A rabbit after a Draize Test

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Cruel Cosmetics

Testing consumer products on animals is illegal in Australia, but that hasn’t stopped big companies like Procter & Gamble, Colgate-Palmolive and L’Oreal from torturing animals in other countries before sending their products down under for us to buy… In fact, before stocking our supermarket shelves, these cruel companies pay big bucks for thousands of animals to be poisoned, burnt and killed. Why would they do this? In an attempt to find out the toxicity of the chemicals that make up cosmetics, cleaning products, drugs, pesticides, foods and even packing materials.

Cruel companies expose animals to chemicals that may cause painful eye and skin irritation, developmental abnormalities, cancer and death. The pain from such tests can be excruciating, yet animals are typically not given pain relief, as the ‘scientists’ fear anesthetics could affect the toxicity of the chemicals being tested. So the animals are left to languish in pain.

For the Eye Irritancy Test (sometimes called the Draize Test) rabbits have their heads locked in a vice so that they cannot move, and then chemicals are rubbed into their eye, usually without pain killers. The animal can be left there for days, unable to rub the substance out of his eye, while ‘scientists’ wait to see what damage the chemical does. The damage caused is given a rating, the highest being 110, which means the eye was completely destroyed. Can you imagine the pain and fear of this animal as its eye is burnt away by toxic chemicals.

The LD50 test stands for “Lethal Dose 50”. This test aims to find the amount of a chemical you must feed to a group of animals of the same species before half of the animals die. To do this the animals are regularly force fed the same chemical until half of the animals die. For toxic chemicals this can cause extremely painful and cause serious problems before death. For less toxic chemicals the animals may have to endure force feeding of huge quantities of the substance before finally their bodies can no longer cope and they die. This meaningless test is often done on rats and mice, but can also be done on beagles, cats, and many other animals.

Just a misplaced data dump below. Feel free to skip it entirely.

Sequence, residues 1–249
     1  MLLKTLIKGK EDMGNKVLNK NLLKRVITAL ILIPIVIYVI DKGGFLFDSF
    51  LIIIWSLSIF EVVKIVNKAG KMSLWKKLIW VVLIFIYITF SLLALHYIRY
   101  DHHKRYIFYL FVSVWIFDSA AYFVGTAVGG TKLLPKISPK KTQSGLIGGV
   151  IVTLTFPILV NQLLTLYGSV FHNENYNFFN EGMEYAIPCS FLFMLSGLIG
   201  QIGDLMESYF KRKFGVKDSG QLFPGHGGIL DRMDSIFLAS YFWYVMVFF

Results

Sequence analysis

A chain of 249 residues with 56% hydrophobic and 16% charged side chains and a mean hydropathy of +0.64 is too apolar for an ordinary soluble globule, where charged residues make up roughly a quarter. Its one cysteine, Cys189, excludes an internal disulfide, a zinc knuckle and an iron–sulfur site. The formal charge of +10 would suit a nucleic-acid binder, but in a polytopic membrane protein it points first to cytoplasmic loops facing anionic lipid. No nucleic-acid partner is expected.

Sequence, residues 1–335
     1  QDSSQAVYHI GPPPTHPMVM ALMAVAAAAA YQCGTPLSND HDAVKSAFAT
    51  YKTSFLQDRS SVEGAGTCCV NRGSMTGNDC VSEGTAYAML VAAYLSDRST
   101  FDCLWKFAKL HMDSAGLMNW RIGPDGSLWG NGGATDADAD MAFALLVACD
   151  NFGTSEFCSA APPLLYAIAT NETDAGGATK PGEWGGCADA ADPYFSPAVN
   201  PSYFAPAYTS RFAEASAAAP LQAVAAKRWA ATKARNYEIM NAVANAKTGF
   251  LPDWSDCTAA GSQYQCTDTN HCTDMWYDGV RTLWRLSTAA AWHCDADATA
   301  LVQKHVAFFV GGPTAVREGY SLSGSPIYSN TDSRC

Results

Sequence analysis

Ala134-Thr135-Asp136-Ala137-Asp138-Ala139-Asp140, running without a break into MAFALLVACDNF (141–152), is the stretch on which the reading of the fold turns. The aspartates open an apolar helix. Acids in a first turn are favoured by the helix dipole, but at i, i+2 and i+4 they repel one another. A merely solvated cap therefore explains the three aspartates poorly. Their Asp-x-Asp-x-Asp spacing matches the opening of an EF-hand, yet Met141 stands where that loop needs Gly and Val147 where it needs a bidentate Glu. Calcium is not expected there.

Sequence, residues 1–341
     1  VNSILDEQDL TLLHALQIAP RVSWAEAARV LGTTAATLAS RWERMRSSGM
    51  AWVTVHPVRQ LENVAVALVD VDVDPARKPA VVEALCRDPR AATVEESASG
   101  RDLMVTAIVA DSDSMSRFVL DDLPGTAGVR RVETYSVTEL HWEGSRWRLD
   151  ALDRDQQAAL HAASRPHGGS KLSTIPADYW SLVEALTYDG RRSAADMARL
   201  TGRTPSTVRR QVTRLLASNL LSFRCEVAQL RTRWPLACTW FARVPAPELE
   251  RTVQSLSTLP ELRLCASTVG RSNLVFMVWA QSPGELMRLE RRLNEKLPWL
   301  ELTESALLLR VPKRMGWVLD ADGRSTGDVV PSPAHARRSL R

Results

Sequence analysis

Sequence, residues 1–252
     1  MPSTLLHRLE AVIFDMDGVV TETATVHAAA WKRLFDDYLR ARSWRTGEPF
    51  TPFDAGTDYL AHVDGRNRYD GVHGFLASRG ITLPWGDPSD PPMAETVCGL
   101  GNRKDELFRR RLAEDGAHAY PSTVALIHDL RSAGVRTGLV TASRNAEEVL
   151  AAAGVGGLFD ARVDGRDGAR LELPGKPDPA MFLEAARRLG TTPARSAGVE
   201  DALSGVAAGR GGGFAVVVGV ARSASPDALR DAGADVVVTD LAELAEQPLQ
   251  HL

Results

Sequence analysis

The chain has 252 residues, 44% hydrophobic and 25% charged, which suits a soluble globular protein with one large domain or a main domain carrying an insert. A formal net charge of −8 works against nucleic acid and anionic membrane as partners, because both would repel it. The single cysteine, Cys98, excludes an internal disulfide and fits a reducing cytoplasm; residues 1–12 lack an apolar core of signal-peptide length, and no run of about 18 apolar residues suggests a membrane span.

Skin Irritancy tests involve shaving a patch of fur from animals and applying (often corrosive) chemicals to their bare skin to watch the effect. The harsh nature of many of the chemicals can cause severe chemical burns, gaping wounds and bleeding.

Silly Science: Many scientists have argued for a long time that animal tests are ineffective at ensuring products are safe for humans. All species differ significantly in their physiology. In fact, one international study found that LD50 tests in rats and mice could only predict toxicity in humans with 65% accuracy, as opposed to about 75% with cell-line tests (a non-animal test). So feeding a new shampoo to rats won’t guarantee that it’s safe for humans. And really, who eats shampoo anyway!?!

Pointless Poisoning: If that weren’t enough reason to end such tests right now, then the alternatives certainly are! Modern alternatives to product tests on animals are generally more accurate and many are quicker, and much cheaper. Computer models, cell cultures, and human studies should all make animal tests a thing of the past. But this won’t happen unless people vote at the supermarket.

Be A Caring Consumer: Why should animals suffer and die for a new brand of lipstick or new laundry detergent? The fact is they don’t have to, and you can help stop this cruelty. Whether you need to glam up, clean up or wash up, you can do it without clocking up a death toll. Just say no to animal testing.

“Ask the experimenters why they experiment on animals, and the answer is: ‘Because the animals are like us.’ Ask the experimenters why it is morally OK to experiment on animals, and the answer is: ‘Because the animals are not like us.’ Animal experimentation rests on a logical contradiction. “